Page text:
Uganda’s government said that 51 people evacuated from Afghanistan arrived in the East African country Wednesday at the request of the United States.
Authorities said in a statement that the group, transported to Uganda on a chartered flight, included men, women and children.
No further details were immediately given on the evacuees’ identities.
Ugandan officials said last week that the country would shelter up to 2,000 people fleeing the Taliban’s takeover of Afghanistan. They said the Afghans would be brought to Uganda in small groups as a temporary arrangement before they are relocated elsewhere.
“The decision to host those in need is informed by the government of Uganda’s consistent policy of receiving refugees and persons in distress as well as playing a responsible role in matters of international concern,” the statement said.
The evacuees will stay at hotels in a lakeside city outside the Ugandan capital, Kampala. Ugandan officials have repeatedly said the United States would pay the cost of caring for people evacuated from Afghanistan, and groups such as Mercy Corps are offering to help.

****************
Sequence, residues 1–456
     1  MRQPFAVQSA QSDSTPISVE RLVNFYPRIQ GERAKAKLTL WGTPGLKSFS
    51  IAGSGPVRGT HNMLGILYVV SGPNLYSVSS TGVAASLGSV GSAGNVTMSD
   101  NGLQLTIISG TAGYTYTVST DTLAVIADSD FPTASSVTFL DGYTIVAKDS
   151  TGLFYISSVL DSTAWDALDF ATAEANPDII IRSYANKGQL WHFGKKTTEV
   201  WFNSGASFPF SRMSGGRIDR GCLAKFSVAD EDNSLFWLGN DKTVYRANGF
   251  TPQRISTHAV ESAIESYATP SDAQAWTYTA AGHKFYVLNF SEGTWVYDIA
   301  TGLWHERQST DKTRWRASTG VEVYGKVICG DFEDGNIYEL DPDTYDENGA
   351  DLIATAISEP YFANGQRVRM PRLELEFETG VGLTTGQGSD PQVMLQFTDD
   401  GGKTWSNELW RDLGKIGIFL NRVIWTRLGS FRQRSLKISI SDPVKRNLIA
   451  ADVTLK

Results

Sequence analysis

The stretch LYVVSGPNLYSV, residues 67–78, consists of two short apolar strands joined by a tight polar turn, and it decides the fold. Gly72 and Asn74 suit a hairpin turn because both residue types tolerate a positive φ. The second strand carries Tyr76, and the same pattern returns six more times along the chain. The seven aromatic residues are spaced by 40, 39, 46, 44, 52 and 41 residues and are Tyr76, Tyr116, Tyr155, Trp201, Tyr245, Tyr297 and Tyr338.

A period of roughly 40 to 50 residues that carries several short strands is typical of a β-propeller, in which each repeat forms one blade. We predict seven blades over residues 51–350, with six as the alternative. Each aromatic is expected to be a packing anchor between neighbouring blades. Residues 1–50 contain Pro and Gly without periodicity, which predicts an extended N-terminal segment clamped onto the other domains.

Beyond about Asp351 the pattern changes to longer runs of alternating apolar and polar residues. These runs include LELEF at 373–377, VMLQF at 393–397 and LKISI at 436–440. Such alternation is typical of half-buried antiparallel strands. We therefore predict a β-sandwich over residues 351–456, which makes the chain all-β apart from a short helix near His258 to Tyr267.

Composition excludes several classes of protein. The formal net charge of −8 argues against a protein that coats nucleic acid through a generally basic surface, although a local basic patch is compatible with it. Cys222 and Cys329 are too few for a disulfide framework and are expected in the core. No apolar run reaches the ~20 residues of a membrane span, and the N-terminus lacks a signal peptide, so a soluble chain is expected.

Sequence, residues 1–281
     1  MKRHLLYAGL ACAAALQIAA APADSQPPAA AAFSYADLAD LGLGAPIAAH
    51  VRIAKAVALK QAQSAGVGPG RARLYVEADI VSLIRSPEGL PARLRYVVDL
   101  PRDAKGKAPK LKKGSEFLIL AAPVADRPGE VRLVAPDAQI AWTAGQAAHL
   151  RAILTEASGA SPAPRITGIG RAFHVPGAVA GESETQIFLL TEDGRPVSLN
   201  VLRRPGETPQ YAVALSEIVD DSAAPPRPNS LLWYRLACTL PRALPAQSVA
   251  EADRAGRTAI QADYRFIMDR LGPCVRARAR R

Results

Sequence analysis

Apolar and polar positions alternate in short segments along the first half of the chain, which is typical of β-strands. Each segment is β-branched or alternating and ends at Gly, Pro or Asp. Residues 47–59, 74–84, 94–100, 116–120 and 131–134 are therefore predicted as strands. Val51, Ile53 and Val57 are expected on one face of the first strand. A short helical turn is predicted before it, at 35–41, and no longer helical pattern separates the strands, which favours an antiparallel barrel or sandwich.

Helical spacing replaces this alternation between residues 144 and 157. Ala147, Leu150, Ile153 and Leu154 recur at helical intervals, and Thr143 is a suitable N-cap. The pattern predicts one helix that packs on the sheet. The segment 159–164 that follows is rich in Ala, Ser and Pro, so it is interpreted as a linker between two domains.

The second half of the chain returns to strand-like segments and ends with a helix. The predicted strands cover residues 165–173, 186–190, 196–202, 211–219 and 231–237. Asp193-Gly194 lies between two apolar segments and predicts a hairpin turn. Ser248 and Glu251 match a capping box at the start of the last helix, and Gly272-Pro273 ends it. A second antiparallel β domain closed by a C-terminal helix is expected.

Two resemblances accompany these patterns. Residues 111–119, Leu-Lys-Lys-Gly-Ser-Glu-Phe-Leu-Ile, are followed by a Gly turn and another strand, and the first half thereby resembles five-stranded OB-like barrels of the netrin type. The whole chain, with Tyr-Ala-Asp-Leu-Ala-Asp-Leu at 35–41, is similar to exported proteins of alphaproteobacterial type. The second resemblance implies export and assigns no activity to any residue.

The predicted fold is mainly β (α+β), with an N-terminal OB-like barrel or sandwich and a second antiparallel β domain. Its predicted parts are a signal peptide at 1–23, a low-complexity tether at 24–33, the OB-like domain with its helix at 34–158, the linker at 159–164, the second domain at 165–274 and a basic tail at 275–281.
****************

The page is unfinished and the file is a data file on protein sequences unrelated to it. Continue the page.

The U.S.-based humanitarian group said it would support Ugandan authorities “to respond to the most immediate needs” of the evacuees.
“These civilians, mainly women and children, are searching for safety. Uganda’s commitment to welcome Afghan evacuees should be applauded and supported by the international community,” Allison Huggins, a Mercy Corps official in Africa, said in a statement. “But the task is enormous, and we must stand in solidarity with the people of Afghanistan, who need support now more than ever.”
Uganda has long been an ally of the U.S., especially on security matters in the region.
But some activists and opponents of President Yoweri Museveni, who was reelected in January, say the U.S. arrangement with Uganda is problematic because it appears blind to allegations of rights abuses and bad governance in a country that has never had a peaceful transfer of power.